Now I was seated inside the cockpit of XCOR’s Lynx mock-up. (The real one was under construction in California and is scheduled to begin test flights in the second half of this year.) The instrumentation on the dash was fake, like the electronics in a room display at Ikea, and inside the plane smelled like an amusement-park ride. Valentine, chairman of the board of the Space Studies Institute, touted the Lynx as “one piece, gas and go,” carrying one pilot and one passenger in the cockpit, taking off and landing horizontally from a runway as frequently as four times a day. It was designed as a hybrid rocket and plane.
“This is the real astronaut experience,” Valentine said proudly. To date, 220 people have put down deposits for XCOR’s $95,000 ride, and Valentine talked me through the experience these customers can anticipate as soon as next year. There will be NASA-style g-force training and a NASA-style pressure suit. More than anything, there will be the view—a view that had eluded mankind until just 50 years ago, and one that only a few hundred people have seen in person: Earth. Space. And Valentine wanted me to know that his company’s would offer the superior opportunity. “This is a wraparound cockpit, with fifteen or twenty times the viewing area the Virgin folks get,” he said.
The flight itself will comprise a half-hour. The Lynx will take off with tremendous power, becoming supersonic a minute after ignition, reaching 190,000 feet within the next three minutes. Following engine burnout, its momentum will continue its acceleration through Mach 2 and Mach 3 and, finally, above 62 miles, the Karman Line, the somewhat arbitrary delineation of space, above which an aircraft must travel faster than Earth’s orbital velocity to generate enough lift to stay aloft. There, thinning atmospheric gasses diffuse blue wavelengths of light, creating a cobalt halo above the planet’s edge. It will hang momentarily before beginning its 25-minute glide back to Earth.
“It’ll be a helluva ride,” Valentine said.
Before Musk and Bezos and the others, there was Sir Richard Branson: white-blond-haired and ruddy, a first-generation billionaire, the entrepreneur-adventurer son of a lawyer and a flight attendant who’d parlayed a mail-order record business into a music label into a transportation conglomerate and mobile-phone company, and who, in 1999, based on a lifelong love of space, parlayed all that into the beginnings of the world’s first spaceline, Virgin Galactic. Branson says that his motivation for starting Virgin Galactic was “frustration”—personal, and on behalf of mankind. “Only a few people had been to space, and the government was not interested in you or I going,” he told me recently. Though he also admitted to other interests: “I’m in the airline business. I want to see our rivals’ face as we pass them in the air many, many times the speed of their planes.”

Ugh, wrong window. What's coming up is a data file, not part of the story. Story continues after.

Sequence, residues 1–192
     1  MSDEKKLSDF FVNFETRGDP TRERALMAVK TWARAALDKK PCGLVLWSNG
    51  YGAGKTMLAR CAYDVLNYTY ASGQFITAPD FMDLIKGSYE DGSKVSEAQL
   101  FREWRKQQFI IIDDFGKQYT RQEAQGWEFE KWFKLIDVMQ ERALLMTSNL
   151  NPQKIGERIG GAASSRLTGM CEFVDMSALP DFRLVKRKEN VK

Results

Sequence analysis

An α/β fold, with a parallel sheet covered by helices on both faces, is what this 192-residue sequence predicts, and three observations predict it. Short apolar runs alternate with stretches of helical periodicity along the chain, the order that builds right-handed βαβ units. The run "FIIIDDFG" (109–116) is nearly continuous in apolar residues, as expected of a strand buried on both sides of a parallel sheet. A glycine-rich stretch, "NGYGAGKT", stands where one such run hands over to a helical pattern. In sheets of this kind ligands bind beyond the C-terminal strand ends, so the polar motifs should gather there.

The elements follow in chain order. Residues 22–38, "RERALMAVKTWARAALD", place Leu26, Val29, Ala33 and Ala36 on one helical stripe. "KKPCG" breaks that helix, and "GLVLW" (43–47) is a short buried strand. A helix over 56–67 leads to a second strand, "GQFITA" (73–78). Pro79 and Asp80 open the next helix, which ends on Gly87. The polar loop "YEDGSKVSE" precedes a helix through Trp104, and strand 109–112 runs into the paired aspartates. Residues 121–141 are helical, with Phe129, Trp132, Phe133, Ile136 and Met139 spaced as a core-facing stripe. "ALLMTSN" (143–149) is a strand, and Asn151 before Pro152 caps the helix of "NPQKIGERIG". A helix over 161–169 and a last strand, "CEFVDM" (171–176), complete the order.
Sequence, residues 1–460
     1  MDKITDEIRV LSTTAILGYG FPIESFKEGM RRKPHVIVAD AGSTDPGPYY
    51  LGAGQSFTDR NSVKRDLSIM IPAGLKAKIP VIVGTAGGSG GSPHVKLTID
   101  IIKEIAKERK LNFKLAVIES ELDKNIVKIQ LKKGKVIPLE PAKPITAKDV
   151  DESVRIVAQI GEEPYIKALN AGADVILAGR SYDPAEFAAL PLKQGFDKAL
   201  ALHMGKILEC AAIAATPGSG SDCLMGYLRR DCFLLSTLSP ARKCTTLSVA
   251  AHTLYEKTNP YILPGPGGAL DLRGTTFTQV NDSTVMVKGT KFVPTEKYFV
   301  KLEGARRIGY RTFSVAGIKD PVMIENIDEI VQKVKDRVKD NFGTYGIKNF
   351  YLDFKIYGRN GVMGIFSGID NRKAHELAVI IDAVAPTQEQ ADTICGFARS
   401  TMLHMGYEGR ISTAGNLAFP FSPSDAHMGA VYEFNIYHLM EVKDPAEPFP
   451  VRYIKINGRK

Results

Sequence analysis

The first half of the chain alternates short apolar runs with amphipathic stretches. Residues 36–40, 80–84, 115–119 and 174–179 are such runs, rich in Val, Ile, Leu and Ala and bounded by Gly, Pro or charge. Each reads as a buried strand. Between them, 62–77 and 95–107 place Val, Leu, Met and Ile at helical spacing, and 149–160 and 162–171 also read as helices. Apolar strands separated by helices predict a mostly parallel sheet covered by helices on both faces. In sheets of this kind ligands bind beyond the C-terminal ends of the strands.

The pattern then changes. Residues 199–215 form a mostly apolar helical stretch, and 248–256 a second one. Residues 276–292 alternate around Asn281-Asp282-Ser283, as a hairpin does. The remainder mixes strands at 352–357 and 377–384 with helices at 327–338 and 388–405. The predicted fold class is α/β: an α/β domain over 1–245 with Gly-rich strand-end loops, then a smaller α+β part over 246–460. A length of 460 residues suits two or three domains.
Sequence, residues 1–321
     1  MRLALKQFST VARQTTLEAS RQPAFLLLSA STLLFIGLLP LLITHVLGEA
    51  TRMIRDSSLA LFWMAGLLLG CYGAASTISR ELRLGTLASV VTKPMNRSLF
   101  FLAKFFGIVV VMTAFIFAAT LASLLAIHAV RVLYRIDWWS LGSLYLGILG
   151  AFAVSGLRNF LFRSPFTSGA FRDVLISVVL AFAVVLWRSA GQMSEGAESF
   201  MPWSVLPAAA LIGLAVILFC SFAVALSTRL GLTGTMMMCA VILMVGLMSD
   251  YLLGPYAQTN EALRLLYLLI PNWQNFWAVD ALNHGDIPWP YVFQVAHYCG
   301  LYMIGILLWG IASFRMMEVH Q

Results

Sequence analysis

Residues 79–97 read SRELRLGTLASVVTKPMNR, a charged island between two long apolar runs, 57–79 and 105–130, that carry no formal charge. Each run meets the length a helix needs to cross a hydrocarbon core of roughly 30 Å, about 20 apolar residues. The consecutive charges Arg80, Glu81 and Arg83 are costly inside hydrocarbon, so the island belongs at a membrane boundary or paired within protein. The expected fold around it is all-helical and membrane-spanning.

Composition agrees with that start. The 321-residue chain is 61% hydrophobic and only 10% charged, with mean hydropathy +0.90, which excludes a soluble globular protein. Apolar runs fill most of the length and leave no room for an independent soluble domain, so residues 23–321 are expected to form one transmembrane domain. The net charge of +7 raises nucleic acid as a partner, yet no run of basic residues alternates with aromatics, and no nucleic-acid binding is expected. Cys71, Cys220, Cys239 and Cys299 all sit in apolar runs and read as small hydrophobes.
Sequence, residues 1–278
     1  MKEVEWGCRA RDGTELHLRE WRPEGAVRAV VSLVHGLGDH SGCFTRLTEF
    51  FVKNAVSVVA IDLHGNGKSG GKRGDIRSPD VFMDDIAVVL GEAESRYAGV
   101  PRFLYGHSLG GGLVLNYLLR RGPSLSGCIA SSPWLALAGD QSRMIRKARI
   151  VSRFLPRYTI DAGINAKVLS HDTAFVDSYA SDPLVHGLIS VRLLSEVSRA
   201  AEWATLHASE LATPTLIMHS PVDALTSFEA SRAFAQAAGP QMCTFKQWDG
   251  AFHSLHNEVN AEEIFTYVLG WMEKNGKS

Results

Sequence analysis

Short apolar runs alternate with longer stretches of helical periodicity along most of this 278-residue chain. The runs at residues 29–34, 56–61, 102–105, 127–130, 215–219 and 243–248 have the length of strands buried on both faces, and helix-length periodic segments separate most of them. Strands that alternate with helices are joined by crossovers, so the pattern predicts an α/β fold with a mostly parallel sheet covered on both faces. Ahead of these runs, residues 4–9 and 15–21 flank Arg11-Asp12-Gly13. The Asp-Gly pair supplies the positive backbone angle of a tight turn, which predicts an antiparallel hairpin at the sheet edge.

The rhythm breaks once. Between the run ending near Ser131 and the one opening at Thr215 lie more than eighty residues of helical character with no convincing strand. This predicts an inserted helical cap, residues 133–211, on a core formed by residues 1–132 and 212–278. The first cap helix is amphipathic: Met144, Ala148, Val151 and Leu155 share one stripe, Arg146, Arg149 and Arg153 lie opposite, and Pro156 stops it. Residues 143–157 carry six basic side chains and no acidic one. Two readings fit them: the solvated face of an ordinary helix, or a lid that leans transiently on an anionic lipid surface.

Getting there has proved difficult. First there was the issue of a spacecraft. On October 4, 2004, on the 47th anniversary of the Sputnik’s launch, a spacecraft financed by Microsoft co-founder Paul Allen completed its second successful test flight to suborbital space in a span of two weeks and won the Ansari X Prize (the $10 million competition modeled after contests that had spurred Charles Lindbergh’s first solo flight across the Atlantic). Amid tremendous hoopla, Branson signed an agreement to make the vehicle Virgin Galactic’s spaceline. Flights were said to be imminent. They were not. In 2007, a rocket motor exploded during testing, killing three people. There were more delays. The public lost interest, and a pessimism took hold, a sense that commercial space travel would remain an Icarus-like farce. “There have been plenty of skeptics out there,” Branson said. “But we’ve got to a place now where there’s no going back.”
Virgin Galactic’s CEO is a 39-year-old American named George Whitesides, who I met one evening after ISPCS. The son of a legendary chemist, he is himself a nonscientist who decided to devote his life to space one night in Tunisia, while studying women’s rights in the Islamic world on a Fulbright scholarship, when he found himself walking on the shore of the Mediterranean beneath an impossibly starry sky. He’s worked for Virgin for three years—recruited by Branson from NASA, where he served as the administrator’s chief of staff—but has been a customer for almost a decade: He and his wife, self-described “space geeks,” were among the first to set down a combined $400,000 for Virgin’s then-rather-speculative flights. It was meant, even at the time, to be a delayed honeymoon. So how close were they now, I asked as we sat in the lobby of a hotel in Las Cruces?